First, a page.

Did you know that 44% of Americans don’t have enough cash to cover a $400 emergency or that 33% have zero saved for retirement? These alarming statistics from Forbes Magazine point to a huge lack in financial planning education.
Enter WYTV7’s Financially Lit program which aims to educate and empower middle and high school students in our community about how to manage and budget their finances as they prepare for college and living independent adult lives.
Did you know that 46% of the workforce in Charlotte cannot afford safe and decent housing? This means that 46% of workers are forced to spend more than a third of their hard-earned income on housing costs alone.
To make things more complicated for future homeowners, rental rates are increasing annually at a much higher percentage than wages. Even successful renters are continuing to find it more difficult to save enough for a down payment on a home of their own with high rent payments and basic living necessities.
Helping to solve these problems is the motivation behind Community Link and their efforts to promote financial literacy education and homeownership in Charlotte and 16 counties in North Carolina. In addition to programs such as their Homeless to Housing, they are proud to offer low-to-moderate income households access to their Asset Building program.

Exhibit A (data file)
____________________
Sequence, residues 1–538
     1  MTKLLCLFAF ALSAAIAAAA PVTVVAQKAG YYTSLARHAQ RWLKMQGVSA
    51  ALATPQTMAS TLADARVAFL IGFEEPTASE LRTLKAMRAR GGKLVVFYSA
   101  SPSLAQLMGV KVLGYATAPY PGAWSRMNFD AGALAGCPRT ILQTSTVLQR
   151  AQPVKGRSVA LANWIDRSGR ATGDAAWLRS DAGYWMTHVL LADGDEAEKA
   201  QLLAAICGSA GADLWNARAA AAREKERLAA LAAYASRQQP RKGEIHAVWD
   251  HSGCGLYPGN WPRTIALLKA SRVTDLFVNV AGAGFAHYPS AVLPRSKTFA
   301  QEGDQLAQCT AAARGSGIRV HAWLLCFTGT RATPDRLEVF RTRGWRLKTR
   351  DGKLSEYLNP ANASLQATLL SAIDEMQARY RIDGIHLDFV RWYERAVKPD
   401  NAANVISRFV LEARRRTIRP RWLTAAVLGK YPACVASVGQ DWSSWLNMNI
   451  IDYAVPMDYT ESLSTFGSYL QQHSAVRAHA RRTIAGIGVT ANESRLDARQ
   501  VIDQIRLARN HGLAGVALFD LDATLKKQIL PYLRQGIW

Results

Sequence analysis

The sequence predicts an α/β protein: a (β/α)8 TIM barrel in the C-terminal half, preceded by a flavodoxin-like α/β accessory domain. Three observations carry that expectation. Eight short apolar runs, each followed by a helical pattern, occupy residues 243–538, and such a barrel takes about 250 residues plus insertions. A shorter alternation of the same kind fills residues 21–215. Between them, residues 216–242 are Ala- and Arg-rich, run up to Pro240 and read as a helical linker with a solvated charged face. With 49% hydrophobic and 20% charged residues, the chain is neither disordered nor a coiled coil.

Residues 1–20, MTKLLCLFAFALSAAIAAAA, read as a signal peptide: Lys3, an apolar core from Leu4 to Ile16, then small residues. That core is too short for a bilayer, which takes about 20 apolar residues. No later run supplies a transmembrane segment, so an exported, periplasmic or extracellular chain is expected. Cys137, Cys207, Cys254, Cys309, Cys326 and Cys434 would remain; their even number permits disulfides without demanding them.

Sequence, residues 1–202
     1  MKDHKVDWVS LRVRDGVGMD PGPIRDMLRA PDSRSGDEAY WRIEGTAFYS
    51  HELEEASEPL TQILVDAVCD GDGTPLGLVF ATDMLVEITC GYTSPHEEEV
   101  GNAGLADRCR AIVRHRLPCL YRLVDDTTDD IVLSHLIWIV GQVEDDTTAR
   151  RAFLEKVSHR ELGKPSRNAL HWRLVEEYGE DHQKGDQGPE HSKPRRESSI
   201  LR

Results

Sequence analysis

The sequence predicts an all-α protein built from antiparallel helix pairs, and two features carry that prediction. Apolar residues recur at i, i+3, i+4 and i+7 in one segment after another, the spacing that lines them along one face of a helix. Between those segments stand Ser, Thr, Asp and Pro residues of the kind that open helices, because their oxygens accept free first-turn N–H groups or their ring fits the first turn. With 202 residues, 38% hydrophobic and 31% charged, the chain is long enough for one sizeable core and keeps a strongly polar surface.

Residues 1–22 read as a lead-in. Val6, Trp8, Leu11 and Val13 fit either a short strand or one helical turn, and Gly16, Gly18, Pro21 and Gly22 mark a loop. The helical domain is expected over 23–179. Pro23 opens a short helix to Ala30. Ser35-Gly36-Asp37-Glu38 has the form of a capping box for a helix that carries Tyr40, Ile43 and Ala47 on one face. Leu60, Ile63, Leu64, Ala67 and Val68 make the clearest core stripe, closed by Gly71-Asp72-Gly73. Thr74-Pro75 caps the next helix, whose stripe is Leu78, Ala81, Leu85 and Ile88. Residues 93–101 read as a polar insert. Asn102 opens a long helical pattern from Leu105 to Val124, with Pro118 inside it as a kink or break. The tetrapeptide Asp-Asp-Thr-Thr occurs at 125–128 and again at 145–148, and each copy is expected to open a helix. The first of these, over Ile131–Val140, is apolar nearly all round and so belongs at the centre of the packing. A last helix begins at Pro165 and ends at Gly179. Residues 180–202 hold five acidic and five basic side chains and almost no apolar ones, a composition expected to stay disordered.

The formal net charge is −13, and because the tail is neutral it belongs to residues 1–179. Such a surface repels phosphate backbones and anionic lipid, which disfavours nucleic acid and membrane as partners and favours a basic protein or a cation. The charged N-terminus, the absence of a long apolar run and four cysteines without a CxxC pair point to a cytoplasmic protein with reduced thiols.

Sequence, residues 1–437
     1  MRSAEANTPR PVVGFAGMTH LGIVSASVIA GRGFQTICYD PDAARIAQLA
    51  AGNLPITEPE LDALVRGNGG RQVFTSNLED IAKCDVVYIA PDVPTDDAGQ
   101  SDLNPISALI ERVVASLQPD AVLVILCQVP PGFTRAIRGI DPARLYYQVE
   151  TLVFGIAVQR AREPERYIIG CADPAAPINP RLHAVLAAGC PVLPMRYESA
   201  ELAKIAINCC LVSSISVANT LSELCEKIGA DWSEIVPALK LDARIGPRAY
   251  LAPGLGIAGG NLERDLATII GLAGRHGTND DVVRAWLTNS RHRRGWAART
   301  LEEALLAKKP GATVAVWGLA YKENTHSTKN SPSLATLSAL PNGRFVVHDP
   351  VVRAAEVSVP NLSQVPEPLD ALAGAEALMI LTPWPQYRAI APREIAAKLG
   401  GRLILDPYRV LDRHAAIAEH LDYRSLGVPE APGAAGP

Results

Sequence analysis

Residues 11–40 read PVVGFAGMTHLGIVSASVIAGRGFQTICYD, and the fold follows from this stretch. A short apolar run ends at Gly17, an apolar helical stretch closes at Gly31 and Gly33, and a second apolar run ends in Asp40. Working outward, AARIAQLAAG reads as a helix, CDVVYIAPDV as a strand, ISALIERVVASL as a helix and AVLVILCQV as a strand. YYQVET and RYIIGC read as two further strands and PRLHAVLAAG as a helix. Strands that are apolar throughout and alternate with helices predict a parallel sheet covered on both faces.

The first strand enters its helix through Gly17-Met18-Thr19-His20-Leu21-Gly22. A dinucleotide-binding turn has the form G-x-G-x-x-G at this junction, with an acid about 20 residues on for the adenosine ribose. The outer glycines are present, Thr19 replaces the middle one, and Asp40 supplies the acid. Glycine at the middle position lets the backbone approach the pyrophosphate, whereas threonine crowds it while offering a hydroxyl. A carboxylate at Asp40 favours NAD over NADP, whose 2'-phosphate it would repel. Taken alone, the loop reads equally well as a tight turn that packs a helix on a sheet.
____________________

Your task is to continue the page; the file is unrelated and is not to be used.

This year’s Spotlight Series is presented by Amy and Brian France Foundation and in January we are focusing in on our local nonprofit partners who provide programming to improve financial literacy and who are helping to build a stronger economy one neighbor at a time.
Personal finances influence many of our daily decisions and nearly every aspect of our lives, making financial literacy essential for understanding how to make responsible decisions that shape a positive future.
When we talk about financial literacy, what we are referring to is the understanding of financial, credit and debt management and the knowledge that is necessary to make financially responsible decisions that are integral to our everyday lives (Investopedia).